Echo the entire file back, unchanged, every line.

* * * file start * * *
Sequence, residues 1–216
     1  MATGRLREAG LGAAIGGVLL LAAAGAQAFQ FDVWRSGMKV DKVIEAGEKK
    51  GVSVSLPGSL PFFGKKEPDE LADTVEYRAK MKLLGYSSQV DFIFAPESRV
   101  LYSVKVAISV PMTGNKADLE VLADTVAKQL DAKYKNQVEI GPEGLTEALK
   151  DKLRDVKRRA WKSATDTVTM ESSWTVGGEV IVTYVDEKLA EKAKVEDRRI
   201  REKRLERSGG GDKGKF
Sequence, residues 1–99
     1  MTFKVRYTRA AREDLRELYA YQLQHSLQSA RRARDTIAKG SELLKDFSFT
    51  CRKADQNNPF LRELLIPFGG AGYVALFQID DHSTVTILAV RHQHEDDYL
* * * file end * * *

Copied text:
Sequence, residues 1–216
     1  MATGRLREAG LGAAIGGVLL LAAAGAQAFQ FDVWRSGMKV DKVIEAGEKK
    51  GVSVSLPGSL PFFGKKEPDE LADTVEYRAK MKLLGYSSQV DFIFAPESRV
   101  LYSVKVAISV PMTGNKADLE VLADTVAKQL DAKYKNQVEI GPEGLTEALK
   151  DKLRDVKRRA WKSATDTVTM ESSWTVGGEV IVTYVDEKLA EKAKVEDRRI
   201  REKRLERSGG GDKGKF
Sequence, residues 1–99
     1  MTFKVRYTRA AREDLRELYA YQLQHSLQSA RRARDTIAKG SELLKDFSFT
    51  CRKADQNNPF LRELLIPFGG AGYVALFQID DHSTVTILAV RHQHEDDYL